January 25, 2020, 6 – 10 pm
Entering Sacred Grounds
For her solo project at Dimensions Variable (DV), artist Charo Oquet will be creating an installation of recent work in our main gallery that will be activated by two performances and a conversation.
Although its production began in late 2018, This project has been in gestation since 2011, when the research for this work started. This project melds installation, ceramic, and movement with voices that addresses critical issues of contemporary Dominican immigrant and queer culture to explore issues of immigration and social injustices reflecting the current cultural, social, and political realities and the tenuous line between memory, and reality through narratives that unfold within a landscape.
Enter Sacred Grounds explores concepts of sacred spaces and spiritual encounters. It creates an ambiguous and safe space where fictional and functional dimensions are blended, creating a third territory of language. The installation will include works that imply that they are markers of energy that have become the conduits of energy. Like chakra stones that mark the radiation of energy within the earth or the body. It includes pieces from research into the origins of magic writing such as veves and the endeavor to unite abstraction with mythical concepts. It will highlight the multidimensional character of rituals and politics.
Charo Oquet is an artist, organizer, cultural producer, curator and founder of Edge Zones, Zones Art Fair and The Miami Performance Festival. Oquet’s art practice moves beyond the bounds of the studio, gallery and institution and extends into the realm of the social, where she explores systems of movement and migration, assimilation and resistance. With her work, the artist seeks to “engage with issues and contexts that affect Afro-Caribbean people both in their native countries as well as in the USA. Oquet works in a range of media: performance, installation, video, photography, paintings, sculpture and printmaking. The thread that connects her work is an engagement with social questions confronting decolonizing narratives, migration and aesthetics and a desire to push formal and conceptual boundaries while challenging stereotypes of African Americans. She has produced a wide-ranging body of work across multiple media
Oquet’s work is part of the permanent collection of The Frost Art Museum in Miami, The Bass Museum, Miami, The Museum of Ft. Lauderdale, New Zealand National Museum Wellington, N.Z. Fort Lauderdale Museum of Art, Fort Lauderdale, FL, CAAM, Centro Atlántico de Arte Moderno, Las Palmas de Gran Canarias, Spain, Dowse Art Museum, Lower Hutt, New Zealand, Govett-Brewter Art Gallery, N. Z., Ministry of Foreign Affairs, Wellington, N. Z., Museo de las Casas Reales, Dominican Republic.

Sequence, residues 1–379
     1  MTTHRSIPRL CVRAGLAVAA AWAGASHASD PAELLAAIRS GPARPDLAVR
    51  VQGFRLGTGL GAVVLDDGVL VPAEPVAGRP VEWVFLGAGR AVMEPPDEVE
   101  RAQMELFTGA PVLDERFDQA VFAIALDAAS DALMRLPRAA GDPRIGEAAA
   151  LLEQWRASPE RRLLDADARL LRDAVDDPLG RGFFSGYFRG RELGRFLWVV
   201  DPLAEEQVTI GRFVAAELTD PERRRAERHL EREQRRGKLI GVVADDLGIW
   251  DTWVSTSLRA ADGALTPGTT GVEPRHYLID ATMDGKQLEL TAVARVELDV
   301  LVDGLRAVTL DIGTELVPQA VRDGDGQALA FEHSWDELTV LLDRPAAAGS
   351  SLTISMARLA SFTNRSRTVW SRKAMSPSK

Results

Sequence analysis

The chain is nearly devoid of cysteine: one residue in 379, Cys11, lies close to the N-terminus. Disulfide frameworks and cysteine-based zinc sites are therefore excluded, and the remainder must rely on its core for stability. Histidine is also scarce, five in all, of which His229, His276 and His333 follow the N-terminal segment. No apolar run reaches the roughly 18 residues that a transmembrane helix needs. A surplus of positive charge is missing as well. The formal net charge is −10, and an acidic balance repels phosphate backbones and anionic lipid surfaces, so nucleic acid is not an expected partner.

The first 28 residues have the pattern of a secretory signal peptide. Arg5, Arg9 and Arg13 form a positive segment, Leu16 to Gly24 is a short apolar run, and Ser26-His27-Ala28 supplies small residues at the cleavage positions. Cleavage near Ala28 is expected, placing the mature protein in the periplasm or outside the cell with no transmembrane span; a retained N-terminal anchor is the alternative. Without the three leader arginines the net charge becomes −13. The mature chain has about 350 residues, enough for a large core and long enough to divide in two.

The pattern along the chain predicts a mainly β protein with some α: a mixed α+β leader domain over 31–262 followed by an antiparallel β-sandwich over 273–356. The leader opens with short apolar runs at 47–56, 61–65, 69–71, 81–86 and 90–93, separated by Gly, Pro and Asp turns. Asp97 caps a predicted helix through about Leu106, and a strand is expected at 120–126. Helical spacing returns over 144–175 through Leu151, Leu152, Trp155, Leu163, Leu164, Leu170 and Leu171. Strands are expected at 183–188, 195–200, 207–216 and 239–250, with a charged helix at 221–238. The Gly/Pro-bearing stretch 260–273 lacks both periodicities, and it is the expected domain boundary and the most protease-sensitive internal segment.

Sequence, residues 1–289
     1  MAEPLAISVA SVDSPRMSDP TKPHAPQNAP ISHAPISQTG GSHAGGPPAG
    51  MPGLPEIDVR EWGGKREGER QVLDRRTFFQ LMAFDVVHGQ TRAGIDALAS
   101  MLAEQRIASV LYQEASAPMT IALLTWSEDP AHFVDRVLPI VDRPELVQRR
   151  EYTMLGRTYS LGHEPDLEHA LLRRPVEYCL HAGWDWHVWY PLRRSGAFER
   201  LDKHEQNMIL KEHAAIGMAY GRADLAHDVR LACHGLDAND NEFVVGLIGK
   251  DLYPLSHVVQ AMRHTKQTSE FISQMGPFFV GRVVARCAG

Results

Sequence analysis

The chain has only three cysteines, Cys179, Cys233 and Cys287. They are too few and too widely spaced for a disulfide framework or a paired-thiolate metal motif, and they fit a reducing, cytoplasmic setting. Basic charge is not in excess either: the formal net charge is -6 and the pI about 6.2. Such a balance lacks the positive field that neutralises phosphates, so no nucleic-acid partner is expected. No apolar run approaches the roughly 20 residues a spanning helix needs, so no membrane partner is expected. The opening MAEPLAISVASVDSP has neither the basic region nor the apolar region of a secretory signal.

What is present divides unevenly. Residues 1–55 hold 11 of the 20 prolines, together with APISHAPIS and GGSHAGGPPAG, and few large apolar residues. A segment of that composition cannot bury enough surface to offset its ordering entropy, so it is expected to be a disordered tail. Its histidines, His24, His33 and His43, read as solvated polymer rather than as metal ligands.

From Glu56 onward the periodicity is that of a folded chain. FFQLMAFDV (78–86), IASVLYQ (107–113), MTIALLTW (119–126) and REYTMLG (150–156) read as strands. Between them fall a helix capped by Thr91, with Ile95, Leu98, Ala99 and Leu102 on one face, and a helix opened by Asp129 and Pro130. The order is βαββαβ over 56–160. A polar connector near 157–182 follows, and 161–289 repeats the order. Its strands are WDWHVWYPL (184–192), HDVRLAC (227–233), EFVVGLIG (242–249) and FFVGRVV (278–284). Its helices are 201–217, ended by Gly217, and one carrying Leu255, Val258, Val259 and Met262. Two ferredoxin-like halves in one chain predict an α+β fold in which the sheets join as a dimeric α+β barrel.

Oquet has in numerous international solo exhibitions at museums and galleries such as The xiii Havana Biennial, Project Row Houses, Huston, TX, the Bass Museum in Miami; Audio Foundation, Auckland, New Zealand. Casal Solleric, Palma, Mallorca; Convento de Santo Domingo, Lanzarote Cannary Islands, Spain and has participated in prestigiously curated group exhibitions such as Art Religion and Politics (2005) curated by Jean-Huber Martin; Mami Watta, curated by Henry Drewal at the Fowler Museum at UCLA, (2008); After Columbus.com, Kunstnerne Hus, Oslo, Norway, (2003); V Biennal del Caribe’03, Museo de Arte Moderno de Santo Domingo; En Ruta PR’02, M&M Projects Puerto Rico, curated by Antonio Zaya; Centro Atlantico de Arte Moderno (CAAM) Gran Canarias, Spain; and Govett-Brewster Art Gallery, N.Z. In 1996 Oquet founded the non-profit arts organization Miami Arts Collaborative, which in 2004 assumed its current title Edge Zones. With Edge Zones, Oquet has curated numerous exhibitions and showcased Dominican and Miami artists nationally and internationally by creating year-round programs and has authored eight books: Arrayanos-(2016), Arrayanos Portraits (2018), Arrayanos – Interiors/Exteriors (2018), Charo Oquet – Performance (2018), (Miami Now (2005), Wet (2006), Wet II (2007) and Supermix (2008) which include the works of hundreds of Florida and internationally based artists. Oquet is also the recipient of numerous fellowships and awards including: Map Funds 2014; Florida State Artists Fellowship Award; State of Florida Artists Enhancement Grant; South Florida Cultural Consortium 2015 and ’05 Visual and Media Artists Fellowship Award; Creative Capital Grant; South Florida Cultural Artists Access Grant; New Forms Florida Grant; and QE II Arts Council of N.Z. Artist Fellowship 84, 85 and 86. In addition being reviewed by Art in America, the Miami Herald, Atlantica Art Journal, African Arts, Art in America, Art Nexus and Art New Zealand, Oquet has been included in many publications including but not limited to New Hoodoo Art of a Forgotten Faith (2008); Files by Octavio Zaya; Miami Contemporary Artists; New Zealand’s National Museum Te Papa Calendar (2009); Dominican Contemporary Artists, Supermix and a book dedicated to her work “Charo Oquet – What the Mermaid Sees” that was published in Lanzarote Spain, by Antonio Zaya in 2002. She has published “Arrayanos”, “Arrayanos – Portraits” and “Arrayanos – Interiors” in 2018.